3 Out Of 4 Ain't Bad
What Are You Waiting For? (2003)
Combining influences of Good Charlotte to the Beach Boys, FM Static holds all the essentials of a hit with their brand of sunny-faced power pop with punk rock flair. Their debut album, What Are You Waiting For? is packed with teenage power anthems of monster melodies used to conger glowing, heartfelt affirmation in trials, loves, losses and simply growing up.
Critically Ashamed (2006)
Coming hot of the heels of their 2004 sleeper hit record, FM Static has just wrapped up work on their sophomore release Critically Ashamed. This 11 track release finds the band exploring pop culture, growing up, and an old Vanilla Ice song, all the with trademark hooks and infectious melodies that made the debut release such a hit among fans.
Dear Diary (2009)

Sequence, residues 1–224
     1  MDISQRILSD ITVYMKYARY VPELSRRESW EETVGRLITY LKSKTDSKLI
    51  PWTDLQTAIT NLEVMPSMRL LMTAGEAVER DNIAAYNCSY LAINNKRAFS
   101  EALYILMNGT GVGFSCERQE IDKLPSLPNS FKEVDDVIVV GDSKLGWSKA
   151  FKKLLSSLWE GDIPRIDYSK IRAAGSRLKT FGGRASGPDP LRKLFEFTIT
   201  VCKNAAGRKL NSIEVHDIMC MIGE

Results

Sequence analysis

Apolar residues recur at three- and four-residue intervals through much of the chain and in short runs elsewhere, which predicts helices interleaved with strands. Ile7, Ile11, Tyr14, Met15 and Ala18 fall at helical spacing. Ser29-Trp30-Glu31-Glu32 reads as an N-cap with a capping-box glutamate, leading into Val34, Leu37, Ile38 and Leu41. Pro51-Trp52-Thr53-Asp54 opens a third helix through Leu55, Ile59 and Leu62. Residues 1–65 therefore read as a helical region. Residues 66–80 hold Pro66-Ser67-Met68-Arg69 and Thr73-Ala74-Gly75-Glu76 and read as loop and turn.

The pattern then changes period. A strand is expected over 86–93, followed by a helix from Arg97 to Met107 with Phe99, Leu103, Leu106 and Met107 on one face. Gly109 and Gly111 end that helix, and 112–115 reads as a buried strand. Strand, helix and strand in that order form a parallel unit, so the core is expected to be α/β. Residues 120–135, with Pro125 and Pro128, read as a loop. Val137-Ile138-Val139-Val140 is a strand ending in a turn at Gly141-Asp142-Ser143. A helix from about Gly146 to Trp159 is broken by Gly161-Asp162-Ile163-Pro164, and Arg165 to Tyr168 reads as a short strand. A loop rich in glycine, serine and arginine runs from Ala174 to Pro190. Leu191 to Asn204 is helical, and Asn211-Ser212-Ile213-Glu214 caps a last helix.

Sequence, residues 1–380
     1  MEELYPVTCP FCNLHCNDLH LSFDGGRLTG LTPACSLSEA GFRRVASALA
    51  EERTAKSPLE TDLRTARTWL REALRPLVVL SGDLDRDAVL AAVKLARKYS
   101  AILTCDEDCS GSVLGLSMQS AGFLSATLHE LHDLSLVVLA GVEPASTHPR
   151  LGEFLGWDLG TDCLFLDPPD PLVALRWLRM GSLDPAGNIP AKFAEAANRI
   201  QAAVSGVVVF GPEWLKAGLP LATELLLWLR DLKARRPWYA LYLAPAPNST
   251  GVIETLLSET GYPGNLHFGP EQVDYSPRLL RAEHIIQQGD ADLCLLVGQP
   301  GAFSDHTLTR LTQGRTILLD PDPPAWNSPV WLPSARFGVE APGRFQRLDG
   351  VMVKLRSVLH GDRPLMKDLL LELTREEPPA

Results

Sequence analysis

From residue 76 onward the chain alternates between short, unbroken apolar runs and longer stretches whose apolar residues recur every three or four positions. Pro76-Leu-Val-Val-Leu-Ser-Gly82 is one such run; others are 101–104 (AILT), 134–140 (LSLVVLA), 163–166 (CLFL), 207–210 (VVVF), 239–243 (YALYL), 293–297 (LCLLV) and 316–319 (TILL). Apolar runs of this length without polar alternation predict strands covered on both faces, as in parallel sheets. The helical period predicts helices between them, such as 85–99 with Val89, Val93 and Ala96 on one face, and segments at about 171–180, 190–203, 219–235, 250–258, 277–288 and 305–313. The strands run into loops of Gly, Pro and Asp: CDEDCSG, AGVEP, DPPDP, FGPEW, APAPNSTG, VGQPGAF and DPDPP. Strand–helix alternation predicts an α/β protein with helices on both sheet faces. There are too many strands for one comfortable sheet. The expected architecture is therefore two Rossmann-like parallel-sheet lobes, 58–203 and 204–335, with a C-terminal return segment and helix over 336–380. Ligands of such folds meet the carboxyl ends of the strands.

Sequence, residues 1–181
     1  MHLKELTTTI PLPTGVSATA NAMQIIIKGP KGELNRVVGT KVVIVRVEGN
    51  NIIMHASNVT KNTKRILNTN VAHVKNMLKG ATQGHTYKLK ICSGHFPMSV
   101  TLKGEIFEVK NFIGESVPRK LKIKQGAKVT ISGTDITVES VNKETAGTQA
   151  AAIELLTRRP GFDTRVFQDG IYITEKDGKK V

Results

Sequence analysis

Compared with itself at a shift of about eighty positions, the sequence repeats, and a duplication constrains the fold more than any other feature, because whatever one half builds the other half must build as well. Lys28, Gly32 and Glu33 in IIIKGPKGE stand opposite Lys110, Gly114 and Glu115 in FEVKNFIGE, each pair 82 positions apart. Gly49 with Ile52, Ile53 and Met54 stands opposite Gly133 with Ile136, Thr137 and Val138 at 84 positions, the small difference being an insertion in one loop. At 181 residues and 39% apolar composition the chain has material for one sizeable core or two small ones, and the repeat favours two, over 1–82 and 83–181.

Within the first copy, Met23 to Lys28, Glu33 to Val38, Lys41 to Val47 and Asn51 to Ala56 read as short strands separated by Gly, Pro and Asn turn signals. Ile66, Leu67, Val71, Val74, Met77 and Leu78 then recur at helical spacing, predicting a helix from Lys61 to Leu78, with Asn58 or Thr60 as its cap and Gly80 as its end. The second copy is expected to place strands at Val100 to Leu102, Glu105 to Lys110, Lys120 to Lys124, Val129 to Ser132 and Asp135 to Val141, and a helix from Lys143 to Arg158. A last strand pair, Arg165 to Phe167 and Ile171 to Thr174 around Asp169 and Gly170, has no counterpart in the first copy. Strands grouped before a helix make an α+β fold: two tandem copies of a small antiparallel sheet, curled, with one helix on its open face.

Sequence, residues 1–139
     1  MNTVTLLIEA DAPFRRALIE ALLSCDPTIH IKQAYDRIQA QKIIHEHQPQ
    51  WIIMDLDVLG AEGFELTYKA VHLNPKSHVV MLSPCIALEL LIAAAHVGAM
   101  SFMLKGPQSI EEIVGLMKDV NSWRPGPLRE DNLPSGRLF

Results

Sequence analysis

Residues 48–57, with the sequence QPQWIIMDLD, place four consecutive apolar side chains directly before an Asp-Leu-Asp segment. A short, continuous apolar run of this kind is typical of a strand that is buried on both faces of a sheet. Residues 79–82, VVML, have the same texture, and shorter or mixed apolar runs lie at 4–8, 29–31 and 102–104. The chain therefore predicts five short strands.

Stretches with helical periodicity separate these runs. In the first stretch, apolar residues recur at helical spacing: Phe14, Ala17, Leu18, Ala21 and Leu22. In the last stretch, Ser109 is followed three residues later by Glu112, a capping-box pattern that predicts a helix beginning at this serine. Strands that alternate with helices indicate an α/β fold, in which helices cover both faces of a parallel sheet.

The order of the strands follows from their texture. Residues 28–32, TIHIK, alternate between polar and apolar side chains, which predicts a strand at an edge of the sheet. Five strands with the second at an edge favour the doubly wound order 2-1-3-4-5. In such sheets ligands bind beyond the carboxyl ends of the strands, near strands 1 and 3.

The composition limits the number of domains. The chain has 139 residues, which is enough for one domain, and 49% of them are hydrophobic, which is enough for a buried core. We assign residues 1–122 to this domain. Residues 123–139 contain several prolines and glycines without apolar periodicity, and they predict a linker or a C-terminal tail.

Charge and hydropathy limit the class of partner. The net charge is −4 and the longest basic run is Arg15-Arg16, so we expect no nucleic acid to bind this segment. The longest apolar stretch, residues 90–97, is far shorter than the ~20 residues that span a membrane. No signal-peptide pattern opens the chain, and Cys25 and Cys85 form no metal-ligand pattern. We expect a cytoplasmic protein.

FM Static (composed of Thousand Foot Krutch singer Trevor McNevan, and drummer Steve Augustine) returned with Dear Diary, a concept album where every lyric is the innermost thought of a soul-searching teenager. “This is the first concept album I’ve worked on, and it was a ton of fun,” says McNevan. “It felt theatrical from the start. I imagined this high school boy, new in town, writing through life’s big questions about faith and fitting in as he grows up toward college. He’s also falling in love for the first time with a girl from across the street and dealing with how crazy that can be. It’s been a while since I was in high school, but I’m still enthralled with all of those politics.” No doubt FM Static listeners—by and large a student audience—will also be enthralled with the spot-on relatable happenings and character confessions of Dear Diary, a project whose special story can only be unlocked as it happens, from song one to song ten. Although Dear Diary is a work of fiction, Trevor McNevan says, “the songs reflect thoughts me and my friends all had growing up. And there’s a lot of me in the more serious songs toward the end.” What listeners can ultimately expect is a rocking, melodically-charged coming-of-age story that somehow combines the creative vibe of independent films like Juno and Napoleon Dynamite, a dash of High School Musical charm, and the altogether rare element of uncensored faith.